Jean Carroon, FAIA, LEED AP, principal at Goody Clancy and author of Sustainable Preservation: Greening Existing Buildings, on the importance of sustainable development and the challenges of reimagining our existing building stock.
Jean Carroon, FAIA, LEED AP, is a principal at Goody Clancy, a Boston-based design and planning firm, where her clients include Harvard University and the General Services Administration. She is currently working on the renovation of over 50 historic buildings at St. Elizabeths West Campus in Washington, D.C., for a new headquarters for the Department of Homeland Security. A member of the National Trust for Historic Preservation Sustainability Coalition, Carroon helped develop the 2009 Pocantico Proclamation on Sustainability and Historic Preservation. She holds BA and MArch degrees from the University of Oregon. Her new book, Sustainable Preservation: Greening Existing Buildings (John Wiley & Sons), will be released in November at Greenbuild.
BD+C: Is there an inherent tension between historic preservation and sustainable development?
Jean Carroon: That whole conversation is a distraction. We desperately need to shift our culture from consumption to stewardship. I don't understand why these two communities aren't more aligned to create policies and incentives that make stewardship and long service life the norm. Buildings are our biggest objects: Why do we so blandly throw them away?
The historic preservation community has to be more flexible and the green building community has to get off its hyperfocus on energy use per square foot and consider factors like people per square foot, the volume of material use and replacement, and whether a facility is well managed. I still think it's better to take existing buildings, reduce their energy use by doing the least with the most, and extend service life.
BD+C: How can that be done?
JC: I'd like to see a "maintenance tax credit" for building owners and homeowners to be rewarded for taking care of their properties. That would be a major shift in the way our economy works. Renovation creates more jobs per dollar than new construction and keeps local people employed, but in the current system new is often cheaper because the price of a product doesn't include the environmental cost.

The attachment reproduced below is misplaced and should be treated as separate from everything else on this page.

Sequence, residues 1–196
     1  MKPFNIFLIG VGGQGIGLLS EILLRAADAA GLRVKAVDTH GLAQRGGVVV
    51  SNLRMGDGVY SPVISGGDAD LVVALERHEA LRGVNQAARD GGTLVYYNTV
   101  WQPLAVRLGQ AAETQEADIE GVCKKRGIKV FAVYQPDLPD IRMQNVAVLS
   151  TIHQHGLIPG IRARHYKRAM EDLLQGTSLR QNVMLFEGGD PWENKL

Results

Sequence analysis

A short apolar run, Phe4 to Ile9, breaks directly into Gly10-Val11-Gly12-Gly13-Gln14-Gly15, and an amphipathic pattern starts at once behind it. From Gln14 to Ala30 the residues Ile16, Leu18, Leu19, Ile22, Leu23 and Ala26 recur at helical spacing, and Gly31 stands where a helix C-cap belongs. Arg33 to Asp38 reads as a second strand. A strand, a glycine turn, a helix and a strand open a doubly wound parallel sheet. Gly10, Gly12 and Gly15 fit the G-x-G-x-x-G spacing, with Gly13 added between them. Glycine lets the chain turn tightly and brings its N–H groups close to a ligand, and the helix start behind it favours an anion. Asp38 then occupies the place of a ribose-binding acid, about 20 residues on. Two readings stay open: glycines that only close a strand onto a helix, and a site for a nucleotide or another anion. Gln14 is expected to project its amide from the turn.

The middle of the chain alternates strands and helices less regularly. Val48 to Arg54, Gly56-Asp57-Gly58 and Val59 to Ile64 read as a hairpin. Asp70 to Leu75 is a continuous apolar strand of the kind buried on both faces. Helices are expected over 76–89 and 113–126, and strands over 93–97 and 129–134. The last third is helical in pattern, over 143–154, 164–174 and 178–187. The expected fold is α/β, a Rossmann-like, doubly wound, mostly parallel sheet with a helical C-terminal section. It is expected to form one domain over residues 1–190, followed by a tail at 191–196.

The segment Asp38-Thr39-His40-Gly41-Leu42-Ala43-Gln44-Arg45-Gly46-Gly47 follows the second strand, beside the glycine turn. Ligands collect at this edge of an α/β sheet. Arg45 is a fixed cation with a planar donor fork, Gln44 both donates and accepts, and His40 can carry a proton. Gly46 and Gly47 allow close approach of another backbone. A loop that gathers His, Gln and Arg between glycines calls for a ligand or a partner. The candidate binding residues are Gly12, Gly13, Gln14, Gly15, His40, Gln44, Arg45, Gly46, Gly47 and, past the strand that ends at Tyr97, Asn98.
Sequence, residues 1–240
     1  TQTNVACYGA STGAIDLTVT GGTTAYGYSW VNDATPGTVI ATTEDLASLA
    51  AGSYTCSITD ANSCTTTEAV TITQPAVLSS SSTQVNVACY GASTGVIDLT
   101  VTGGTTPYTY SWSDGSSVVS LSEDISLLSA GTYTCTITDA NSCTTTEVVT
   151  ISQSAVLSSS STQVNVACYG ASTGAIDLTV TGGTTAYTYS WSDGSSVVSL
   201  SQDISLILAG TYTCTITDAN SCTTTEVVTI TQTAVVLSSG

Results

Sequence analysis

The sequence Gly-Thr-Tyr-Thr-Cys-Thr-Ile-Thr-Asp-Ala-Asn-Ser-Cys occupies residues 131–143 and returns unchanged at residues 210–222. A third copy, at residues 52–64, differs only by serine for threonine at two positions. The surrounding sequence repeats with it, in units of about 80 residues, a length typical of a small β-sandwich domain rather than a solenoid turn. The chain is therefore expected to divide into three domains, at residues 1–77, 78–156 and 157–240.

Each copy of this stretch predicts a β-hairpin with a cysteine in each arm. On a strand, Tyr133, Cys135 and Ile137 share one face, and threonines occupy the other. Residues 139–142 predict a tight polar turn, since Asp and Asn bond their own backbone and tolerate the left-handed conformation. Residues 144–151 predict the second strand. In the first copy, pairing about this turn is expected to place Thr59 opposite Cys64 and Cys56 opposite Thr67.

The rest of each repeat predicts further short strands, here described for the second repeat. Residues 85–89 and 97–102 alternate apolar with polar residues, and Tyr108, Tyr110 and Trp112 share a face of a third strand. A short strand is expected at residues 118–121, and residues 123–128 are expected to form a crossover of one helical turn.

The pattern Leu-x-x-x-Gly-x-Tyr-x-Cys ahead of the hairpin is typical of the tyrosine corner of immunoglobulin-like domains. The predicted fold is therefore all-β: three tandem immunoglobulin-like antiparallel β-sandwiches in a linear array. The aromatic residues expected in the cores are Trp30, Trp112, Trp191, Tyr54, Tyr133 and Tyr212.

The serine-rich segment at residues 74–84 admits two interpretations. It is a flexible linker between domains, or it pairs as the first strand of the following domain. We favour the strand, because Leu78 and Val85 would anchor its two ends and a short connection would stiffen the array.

The carbon footprint of new construction is huge, but we're not taking that into consideration. An extraordinary amount of materials-49% of all resources used in the U.S.-goes into new construction. The EPA says that new construction is responsible for more toxic releases to humans than any other sector. Better use of existing buildings reduces this impact.
BD+C: In your book, you say that the terms "sustainable design" and "sustainable development" should not be used interchangeably. What is the difference?
JC: Sustainable development represents the bigger picture. Too often when architects talk about sustainable design we only address environment, and not the triple bottom line-political, social, environmental, which is sometimes rephrased as people, profit, planet. With sustainable development, we're looking at many more things-a sense of place, story making, awareness of history, economic cycles.
BD+C: Where does LEED fit into that discussion?
JC: In my opinion, the most valuable LEED program is LEED-EB [Existing Buildings: O&M]. Greening is a cyclical process. You don't green a project and then walk away from it. LEED-EB also allows you to change as technology changes. However, I think durability and repairability are issues that sustainability has not addressed, and aren't as celebrated within LEED as some, including myself, would like.
BD+C: In your research, did you find examples that stood out in terms of linking preservation and sustainability?
JC: Yes. Dubuque, Iowa. They've really tied their development to the restoration of their historic fabric and brought industry in to reuse their older buildings. They're a poster child for cities with empty older buildings.
At the individual landlord level, the GSA is a good model. They are very good stewards of their heritage buildings and have a strong commitment to environmental stewardship.
BOMA is really key. For large-scale landlords and managers who are getting the idea, it's a no-brainer-the payback can be really amazing. The renovation of the Empire State Building is a great case study of this.
It's the smaller property owners that we have to find the incentives for, perhaps by clustering groups of buildings. In Seattle, where the National Trust has its Preservation Green Lab (http://www.preservationnation.org/issues/sustainability/green-lab ), they're trying to do that on a neighborhood basis.
BD+C: What's ahead for historic preservation and green building?
JC: I think the next 10 years are going to be really exciting. A whole new wave of products is becoming available-plumbing fixtures that use less water, cooling towers that reuse condensate. We're looking at technology shifts in design and documentation tools.
How we reuse existing buildings is a design challenge that's incredibly exciting. We've got to change our thinking so that we always ask: Why are we taking that building down?
For the next 10 years it's going to be about existing buildings and energy management. Some of the most interesting solutions I've seen are ones where people have taken mundane buildings and made them amazing. The creative reuse of the mundane will be the design opportunity of the next decade.